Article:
March 8, 2011 at 16:37 | Report abuse |
  3. Justina

    How sad in the best country of abundance in the midst of our forefathers' dream era... Are American teenagers ever thankful to God that they have food to eat? Do they know the half human population on earth don't have what they need including enough food? Thanklessness is the most serious desease. Parents and educators must work on it.

    March 7, 2011 at 20:02 | Report abuse | Reply
    • LEB

      Aaaand you clearly know nothing about mental illness. Someone who has an eating disorder or other mental illness is NOT cured by people asininely saying, "What do you have to be depressed about? Other people have it worse than you." Mental illness alters your perception of reality, and it as much physical as psychological/emotional. You can't cure a paraplegic by saying, "Oh, pish posh, you could walk if you really wanted to," so why would you view someone with mental illness any less seriously?

      March 7, 2011 at 20:32 | Report abuse |
    • ohiomd

      As a physician as well as a female that is struggling with anorexia since first being diagnosed at the age of 12, I am beyond insulted and angered by your ignorant comment. Yes, I realize what country I live in. Yes, I realize how thankful we all should be. I am Jewish and pray daily. At a minimum I volunteer my time to help with a free clinic 4 days every month. I have also been fighting this disease for almost 20 years. This is not a choice. Your misunderstanding is disapointing and uneducated. This is a mental illness that is a part of us whether we are "thankful" or not. Every day is a battle. Yes, I am controlling the illness and eat everyday. It is beyond a struggle that I overcome every day I am alive and to tell me that I am an ungreatful person is beyond digusting. I hope that you will never, ever have to feel the torture that a person with an eating disorder experiences on a daily basis. I hope you will never have to understand.

      March 7, 2011 at 20:44 | Report abuse |
    • tom, Tom, the Piper's Son

      Justina, would you just go away? You are an ignoramus and a detriment to any rational discussion.

      March 7, 2011 at 21:17 | Report abuse |
    • Jabberwocky

      "Thanklessness is the most serious disease"? No, it isn't, you dimwitted trollop. The most serious disease is ignorance, and you're a carrier. Get yourself immunized with some information and education, Justina. If there were any justice, you'd be quarantined so your idiocy didn't spread to others as stupid as you are.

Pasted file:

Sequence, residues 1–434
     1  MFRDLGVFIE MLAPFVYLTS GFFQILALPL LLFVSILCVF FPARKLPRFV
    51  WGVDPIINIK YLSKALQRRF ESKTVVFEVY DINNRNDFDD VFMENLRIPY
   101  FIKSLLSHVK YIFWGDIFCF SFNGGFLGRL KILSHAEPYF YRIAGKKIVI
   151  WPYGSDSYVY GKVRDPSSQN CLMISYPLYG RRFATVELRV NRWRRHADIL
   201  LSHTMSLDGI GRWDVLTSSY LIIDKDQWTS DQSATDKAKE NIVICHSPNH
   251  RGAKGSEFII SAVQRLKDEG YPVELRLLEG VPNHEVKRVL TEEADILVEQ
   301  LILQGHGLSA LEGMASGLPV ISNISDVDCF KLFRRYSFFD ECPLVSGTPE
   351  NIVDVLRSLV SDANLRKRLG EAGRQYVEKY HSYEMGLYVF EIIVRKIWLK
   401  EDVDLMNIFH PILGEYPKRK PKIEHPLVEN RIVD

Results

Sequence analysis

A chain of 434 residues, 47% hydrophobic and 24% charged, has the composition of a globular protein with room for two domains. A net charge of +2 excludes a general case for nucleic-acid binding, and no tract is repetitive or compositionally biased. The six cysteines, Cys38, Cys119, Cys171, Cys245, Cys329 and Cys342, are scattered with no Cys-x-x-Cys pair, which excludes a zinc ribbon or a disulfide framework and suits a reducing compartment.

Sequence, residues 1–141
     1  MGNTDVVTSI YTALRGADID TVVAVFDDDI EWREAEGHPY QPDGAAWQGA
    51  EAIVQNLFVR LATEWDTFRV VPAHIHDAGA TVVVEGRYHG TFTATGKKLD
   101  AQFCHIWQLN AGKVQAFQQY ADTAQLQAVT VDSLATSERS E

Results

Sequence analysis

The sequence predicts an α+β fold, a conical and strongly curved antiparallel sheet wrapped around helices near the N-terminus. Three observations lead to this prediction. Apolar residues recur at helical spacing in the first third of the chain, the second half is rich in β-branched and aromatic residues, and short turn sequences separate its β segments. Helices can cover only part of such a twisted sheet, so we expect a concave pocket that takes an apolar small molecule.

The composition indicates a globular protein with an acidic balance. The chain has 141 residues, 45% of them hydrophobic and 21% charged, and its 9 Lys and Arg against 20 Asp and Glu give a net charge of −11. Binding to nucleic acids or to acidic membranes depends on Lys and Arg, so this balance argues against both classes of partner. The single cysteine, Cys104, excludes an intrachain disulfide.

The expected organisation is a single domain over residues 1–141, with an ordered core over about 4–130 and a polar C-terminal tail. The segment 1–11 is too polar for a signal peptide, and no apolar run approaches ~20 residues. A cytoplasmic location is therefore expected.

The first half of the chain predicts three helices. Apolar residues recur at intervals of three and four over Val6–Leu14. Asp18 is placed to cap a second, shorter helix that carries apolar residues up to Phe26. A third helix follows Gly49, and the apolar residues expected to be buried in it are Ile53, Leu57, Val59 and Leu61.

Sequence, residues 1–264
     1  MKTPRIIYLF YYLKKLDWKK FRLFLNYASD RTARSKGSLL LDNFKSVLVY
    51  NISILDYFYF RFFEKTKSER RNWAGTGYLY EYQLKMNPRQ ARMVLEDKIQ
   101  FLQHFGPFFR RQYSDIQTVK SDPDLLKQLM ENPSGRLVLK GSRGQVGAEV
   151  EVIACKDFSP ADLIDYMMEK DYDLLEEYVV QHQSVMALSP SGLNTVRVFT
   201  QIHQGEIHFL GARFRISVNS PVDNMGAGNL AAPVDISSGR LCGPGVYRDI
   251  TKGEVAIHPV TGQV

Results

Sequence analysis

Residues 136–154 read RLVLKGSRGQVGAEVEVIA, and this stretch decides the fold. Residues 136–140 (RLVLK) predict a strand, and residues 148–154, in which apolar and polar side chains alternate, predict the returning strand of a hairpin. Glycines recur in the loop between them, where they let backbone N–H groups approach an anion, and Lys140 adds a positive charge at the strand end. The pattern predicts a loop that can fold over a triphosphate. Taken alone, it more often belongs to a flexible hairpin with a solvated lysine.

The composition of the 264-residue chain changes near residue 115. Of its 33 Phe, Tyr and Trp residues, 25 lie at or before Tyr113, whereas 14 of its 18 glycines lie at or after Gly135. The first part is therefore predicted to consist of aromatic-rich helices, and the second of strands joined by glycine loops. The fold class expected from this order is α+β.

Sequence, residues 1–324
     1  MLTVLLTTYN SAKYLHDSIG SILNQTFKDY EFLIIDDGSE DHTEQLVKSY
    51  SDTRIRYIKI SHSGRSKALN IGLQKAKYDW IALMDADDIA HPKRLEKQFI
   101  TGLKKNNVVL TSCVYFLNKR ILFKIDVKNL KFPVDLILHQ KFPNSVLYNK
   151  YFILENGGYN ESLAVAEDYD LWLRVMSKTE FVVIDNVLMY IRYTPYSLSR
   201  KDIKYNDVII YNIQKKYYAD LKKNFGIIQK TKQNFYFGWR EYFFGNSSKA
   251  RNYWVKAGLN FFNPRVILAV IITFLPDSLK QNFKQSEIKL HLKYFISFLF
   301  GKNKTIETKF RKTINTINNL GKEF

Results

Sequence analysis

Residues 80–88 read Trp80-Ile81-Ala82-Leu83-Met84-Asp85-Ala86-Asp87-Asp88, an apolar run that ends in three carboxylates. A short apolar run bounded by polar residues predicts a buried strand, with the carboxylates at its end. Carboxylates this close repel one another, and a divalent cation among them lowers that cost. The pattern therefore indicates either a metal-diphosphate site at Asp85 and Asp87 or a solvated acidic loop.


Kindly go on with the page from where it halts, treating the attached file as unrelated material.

March 7, 2011 at 21:19 | Report abuse |
    • RosaFranklin

      I'm going to give you the benefit of the doubt, Justina, and assume that based on your ridiculously absurd and outrageously offensive comment that you must be a troll. So I guess if your goal was to be just another internet troll...good job?

      March 7, 2011 at 23:07 | Report abuse |
    • JMFinDE

      An eating disorder is a mental illness as stated by the responders above. As for "Thanklessness is the most serious desease," I believe it is ignorance that causes the most harm. Your perspective on this clearly shows your lack of understanding of a very serious disease, and your comments were more harmful than helpful due to your ignorance on this topic. I hope you will take the time to learn more about eating disorders and be able to open your heart and mind to the pain that these people are dealing with rather than doling out harsh judgements.

      March 8, 2011 at 13:21 | Report abuse |
    • Jabberwocky

      Oh, your words will fall on deaf ears and a dull brain. Justina has trouble tying her own shoes.

      March 8, 2011 at 21:53 | Report abuse |
  4. Kati

    I suffered with bulimia for years as a teenager and a young adult. I eventually got over it, more or less, but it does return every once in a while, sort of like an old best friend whom you love dearly but you know is bad for you.

    Eating disorders are NOT about vanity; I didn't care if anyone else thought I was skinny, but I cared that *I* thought I was skinny. But it does seem closely related to self-image issues. For example, those with eating disorders often suffer with body dysmorphic disorder, low self-esteem, and/or an unhealthy tendency towards perfectionism. Clearly, there's something amiss in the brain of someone with an eating disorder.

    March 7, 2011 at 23:58 | Report abuse | Reply
  5. Daina

    Never had an eating disorder or weight problem; has to be much more difficult than alcohol. All I need to do is not drink; never have to be around the stuff thus I've always felt it is probably a walk in the park compared to needing to face ones' demon daily to survive.

    March 8, 2011 at 00:15 | Report abuse | Reply
  6. Tcat

    People talk about image issues and what not, and I agree that is the motivation for a good number of occasions, but psychology also demonstrates that eating disorders are about the person having a craving to posses meticulous control over their body functions. A person with an eating disorder may think like this "I am hungry, I wonder how long I can control that hunger." The problem often arises when a perceived lack of control over one's life causes them to seek alternate aspects of their life that they can control. When the body is under stress (IE over work, vomiting, hunger) It may cause a sense of euphoria akin to a "runner's high". This gives positive reenforcement for the behavior and the persons eating disorder becomes an addiction.

    March 8, 2011 at 05:18 | Report abuse | Reply